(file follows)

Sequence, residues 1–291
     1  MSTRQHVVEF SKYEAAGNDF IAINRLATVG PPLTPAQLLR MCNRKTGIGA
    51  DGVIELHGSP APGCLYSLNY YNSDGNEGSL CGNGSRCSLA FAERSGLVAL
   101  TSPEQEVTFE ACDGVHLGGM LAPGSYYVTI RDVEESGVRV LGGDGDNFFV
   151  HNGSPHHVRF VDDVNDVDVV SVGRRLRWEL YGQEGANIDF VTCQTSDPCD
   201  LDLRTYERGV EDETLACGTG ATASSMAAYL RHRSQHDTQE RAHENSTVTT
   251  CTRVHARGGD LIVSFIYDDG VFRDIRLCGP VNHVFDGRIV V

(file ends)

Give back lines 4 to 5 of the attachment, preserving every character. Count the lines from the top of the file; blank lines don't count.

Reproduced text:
   101  TSPEQEVTFE ACDGVHLGGM LAPGSYYVTI RDVEESGVRV LGGDGDNFFV
   151  HNGSPHHVRF VDDVNDVDVV SVGRRLRWEL YGQEGANIDF VTCQTSDPCD